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Estuarine physical processes research: some recent studies and progress
Uncles, R.J. (2002). Estuarine physical processes research: some recent studies and progress. Est., Coast. and Shelf Sci. 55(6): 829-856
In: Estuarine, Coastal and Shelf Science. Academic Press: London; New York. ISSN 0272-7714, more
Peer reviewed article  

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    Brackishwater environment; Coastal morphology; Coastal waters; Data acquisition; Estuaries; Estuarine dynamics; Estuarine sedimentation; Hydrodynamics; In situ measurements; Literature reviews; Model studies; Mud flats; Organism morphology; Remote sensing; Resuspended sediments; Sediment properties; Sediment transport; Transport; Turbidity; Water column; Marine

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  • Uncles, R.J., more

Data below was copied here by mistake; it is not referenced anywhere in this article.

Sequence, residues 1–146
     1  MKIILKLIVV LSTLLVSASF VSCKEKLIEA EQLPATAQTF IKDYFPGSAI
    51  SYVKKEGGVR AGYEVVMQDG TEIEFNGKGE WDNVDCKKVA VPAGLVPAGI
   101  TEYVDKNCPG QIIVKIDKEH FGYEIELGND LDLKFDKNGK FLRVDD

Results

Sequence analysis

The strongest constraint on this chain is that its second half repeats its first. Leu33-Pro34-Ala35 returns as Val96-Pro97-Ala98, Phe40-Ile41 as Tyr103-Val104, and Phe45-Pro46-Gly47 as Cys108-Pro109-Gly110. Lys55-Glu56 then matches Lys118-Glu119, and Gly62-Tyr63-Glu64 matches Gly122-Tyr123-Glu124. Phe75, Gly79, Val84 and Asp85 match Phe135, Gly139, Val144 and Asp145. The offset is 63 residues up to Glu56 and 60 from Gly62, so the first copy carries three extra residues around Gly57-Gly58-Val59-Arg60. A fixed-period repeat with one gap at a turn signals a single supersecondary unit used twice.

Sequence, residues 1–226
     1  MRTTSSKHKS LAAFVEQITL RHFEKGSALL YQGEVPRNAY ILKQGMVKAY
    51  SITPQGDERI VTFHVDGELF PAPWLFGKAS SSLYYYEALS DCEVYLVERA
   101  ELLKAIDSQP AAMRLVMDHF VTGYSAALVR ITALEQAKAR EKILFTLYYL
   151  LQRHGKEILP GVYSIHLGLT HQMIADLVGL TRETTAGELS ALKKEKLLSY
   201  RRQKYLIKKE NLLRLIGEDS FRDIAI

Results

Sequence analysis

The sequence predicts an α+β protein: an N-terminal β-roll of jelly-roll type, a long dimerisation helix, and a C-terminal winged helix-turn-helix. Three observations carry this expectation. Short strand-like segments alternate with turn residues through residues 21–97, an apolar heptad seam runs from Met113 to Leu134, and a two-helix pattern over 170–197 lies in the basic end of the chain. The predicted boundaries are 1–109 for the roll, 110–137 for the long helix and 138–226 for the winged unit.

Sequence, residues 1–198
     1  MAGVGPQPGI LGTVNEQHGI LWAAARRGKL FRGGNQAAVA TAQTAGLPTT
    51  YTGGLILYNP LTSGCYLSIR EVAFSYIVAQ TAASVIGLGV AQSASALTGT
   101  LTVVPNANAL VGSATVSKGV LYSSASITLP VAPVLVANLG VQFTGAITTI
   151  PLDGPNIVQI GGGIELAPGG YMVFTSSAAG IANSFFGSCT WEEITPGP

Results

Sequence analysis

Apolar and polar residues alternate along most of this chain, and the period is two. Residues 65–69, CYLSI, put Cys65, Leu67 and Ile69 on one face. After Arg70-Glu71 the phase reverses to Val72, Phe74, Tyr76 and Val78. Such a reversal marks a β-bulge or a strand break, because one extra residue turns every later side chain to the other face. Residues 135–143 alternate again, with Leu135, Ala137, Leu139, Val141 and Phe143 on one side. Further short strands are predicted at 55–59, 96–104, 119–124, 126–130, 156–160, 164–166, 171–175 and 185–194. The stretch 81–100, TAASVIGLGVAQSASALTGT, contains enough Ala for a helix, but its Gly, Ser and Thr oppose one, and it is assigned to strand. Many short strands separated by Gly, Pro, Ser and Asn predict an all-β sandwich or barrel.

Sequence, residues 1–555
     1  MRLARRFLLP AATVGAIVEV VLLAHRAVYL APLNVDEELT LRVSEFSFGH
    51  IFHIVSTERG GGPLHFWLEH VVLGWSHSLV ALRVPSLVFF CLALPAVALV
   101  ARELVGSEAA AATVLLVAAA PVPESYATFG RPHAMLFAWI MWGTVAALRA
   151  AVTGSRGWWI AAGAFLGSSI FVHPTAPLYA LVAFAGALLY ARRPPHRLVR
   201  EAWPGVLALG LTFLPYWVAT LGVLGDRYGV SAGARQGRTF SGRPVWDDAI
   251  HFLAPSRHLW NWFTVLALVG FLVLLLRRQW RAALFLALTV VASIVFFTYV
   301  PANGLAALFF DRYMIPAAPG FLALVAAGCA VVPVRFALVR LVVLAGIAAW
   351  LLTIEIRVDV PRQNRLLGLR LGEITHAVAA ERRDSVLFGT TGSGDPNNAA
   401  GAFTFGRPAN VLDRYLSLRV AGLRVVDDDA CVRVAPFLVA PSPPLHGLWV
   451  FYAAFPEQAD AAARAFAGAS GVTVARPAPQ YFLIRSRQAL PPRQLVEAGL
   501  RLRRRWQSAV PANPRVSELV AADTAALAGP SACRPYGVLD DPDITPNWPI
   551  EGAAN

The literature on estuarine physical studies is vast, diverse and contains many valuable case studies in addition to pure, process-based research. This essay is an attempt to summarize both some of the more recent studies that have been undertaken during the last several years, as well as some of the trends in research direction and progress that they represent. The topics covered include field and theoretical studies on hydrodynamics, turbulence, salt and fine sediment transport and morphology. The development and ease-of-application of numerical and analytical models and technical software has been essential for much of the progress, allowing the interpretation of large amounts of data and assisting with the understanding of complex processes. The development of instrumentation has similarly been essential for much of the progress with field studies. From a process viewpoint, much more attention is now being given to interpreting intratidal behaviour, including the effects of tidal straining and suspended fine sediment on water column stratification, stability and turbulence generation and dissipation. Remote sensing from satellites and aircraft, together with fast sampling towed instruments and high frequency radar now provide unique, frequently high resolution views of spatial variability, including currents, frontal and plume phenomena, and tidal and wave-generated turbidity. Observations of fine sediment characteristics (floc size, aggregation mechanisms, organic coatings and settling velocity) are providing better parameterizations for sediment transport models. These models have enhanced our understanding both of the estuarine turbidity maximum and its relationship to fronts and intratidal hydrodynamic and sedimentological variability, as well as that of simple morphological features such as intertidal mudflats. Although few, interdisciplinary studies to examine the relationships between biology and estuarine morphology show that bivalve activity and the surface diatom biofilm on an intertidal mudflat can be important in controlling the erosion of the surface mud layer.

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